Authorities in Beijing were still trying to pump water from sections of flooded highway after Saturday night's torrential downpour, the city's heaviest rain in six decades.
The city government said 37 people died: 25 drowned, six were killed when houses collapsed, one was hit by lightning and five were electrocuted by fallen power lines.
Beijing residents shared photos online of submerged cars stranded on flooded streets, city buses with water up to commuters' knees and cascades of water rushing down the steps of overpasses.
Nearly 57,000 people were evacuated from their homes and damage from the storm reached at least 10 billion yuan ($1.6 billion), according to a report by the Beijing Daily newspaper on the Beijing government website.
Heavy rain also proved deadly elsewhere in the country. The official Xinhua News Agency reported late Monday that 95 people had died and 45 were still missing across 17 Chinese provinces and municipalities, including Beijing. It cited the Civil Affairs Bureau.
Although Beijing's worst-hit areas were in rural hilly outskirts of the city, the scale of the disaster was a major embarrassment for China's showcase capital, where such things are not supposed to happen.
The city has seen tens of billions of dollars poured into its modernization, including iconic venues for the 2008 Olympics, the world's second-largest airport, new subway lines and dazzling skyscrapers. But the floods raised questions about whether basics like drainage were neglected.
"If so much chaos can be triggered in Beijing, the capital of the nation, problems in urban infrastructure of many other places can only be worse," said a commentary in Monday's state-run Global Times newspaper. "In terms of drainage technology, China is decades behind developed societies."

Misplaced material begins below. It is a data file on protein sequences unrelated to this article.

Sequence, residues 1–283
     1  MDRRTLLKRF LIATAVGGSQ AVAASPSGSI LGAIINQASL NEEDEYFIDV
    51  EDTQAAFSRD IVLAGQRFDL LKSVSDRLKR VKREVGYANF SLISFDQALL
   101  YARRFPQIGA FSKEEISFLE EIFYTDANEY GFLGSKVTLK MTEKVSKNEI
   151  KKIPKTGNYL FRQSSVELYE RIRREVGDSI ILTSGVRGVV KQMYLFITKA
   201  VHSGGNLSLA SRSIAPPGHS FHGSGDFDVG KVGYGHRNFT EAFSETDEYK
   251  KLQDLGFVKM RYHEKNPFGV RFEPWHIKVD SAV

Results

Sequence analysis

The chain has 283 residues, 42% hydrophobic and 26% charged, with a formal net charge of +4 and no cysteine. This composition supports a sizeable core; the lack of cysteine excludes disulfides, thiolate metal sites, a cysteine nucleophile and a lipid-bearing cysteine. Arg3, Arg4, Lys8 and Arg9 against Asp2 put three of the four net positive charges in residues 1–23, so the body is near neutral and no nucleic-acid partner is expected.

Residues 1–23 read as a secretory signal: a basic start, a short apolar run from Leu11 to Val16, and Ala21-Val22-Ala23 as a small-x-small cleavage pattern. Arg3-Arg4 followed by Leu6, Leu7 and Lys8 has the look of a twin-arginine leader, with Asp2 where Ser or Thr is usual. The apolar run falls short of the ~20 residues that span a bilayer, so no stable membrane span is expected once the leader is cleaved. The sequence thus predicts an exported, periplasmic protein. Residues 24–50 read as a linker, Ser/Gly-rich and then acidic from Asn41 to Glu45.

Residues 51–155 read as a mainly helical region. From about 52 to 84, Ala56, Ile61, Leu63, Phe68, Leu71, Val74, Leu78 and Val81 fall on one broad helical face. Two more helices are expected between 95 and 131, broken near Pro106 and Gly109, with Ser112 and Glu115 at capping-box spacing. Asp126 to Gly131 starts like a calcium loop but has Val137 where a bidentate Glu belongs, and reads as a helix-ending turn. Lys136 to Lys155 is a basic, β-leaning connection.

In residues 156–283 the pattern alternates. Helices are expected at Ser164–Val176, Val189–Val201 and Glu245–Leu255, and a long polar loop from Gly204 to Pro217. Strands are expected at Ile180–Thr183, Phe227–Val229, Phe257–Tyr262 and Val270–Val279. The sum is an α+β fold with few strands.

The criticism mirrors some of that seen after a high-speed train crash that killed 40 people in Wenzhou in southeastern China a year ago Monday. That turned into a public-relations nightmare for the government and led many to question the quality of infrastructure in the country and the government's transparency on disasters.
Some pointed out that Saturday's deluge was historic in nature, with the Global Times noting it was the heaviest rainstorm in the capital in 61 years. The worst-hit area of the city received 460 millimeters (18.4 inches) of rain on Saturday.
"In just one day, it rained as much as it normally rains in six months in Beijing," said Zhang Junfeng, a senior engineer from the Ministry of Transport who runs weekend tours of Beijing reservoirs and gives lectures on water conservancy. "No drainage system can withstand rains this big."
In Qinglonghu, a village about 40 kilometers (25 miles) from downtown Beijing where many migrant workers from surrounding provinces have settled, at least two dozen brick homes were flooded. Local residents said Monday they were terrified to go back into their homes for fear they would collapse. They said they were sleeping outside, had no drinking water or food and had yet to get any assistance from local officials.
At least three people from the village were believed killed, residents said, including a man crushed by a falling power line and a woman and her 8-month-old baby who were washed away.
"No one wants something like this to happen," said Cao Fuxiang, the woman's cousin. "Life is so difficult. We left our town to make some money and now she has disappeared."
Piles of dirt from a large construction site in Qinglonghu appeared to have formed a dam that kept the downpour from draining into a river, worsening the rain's damage.
Associated Press writer Isolda Morillo and researcher Zhao Liang contributed to this report.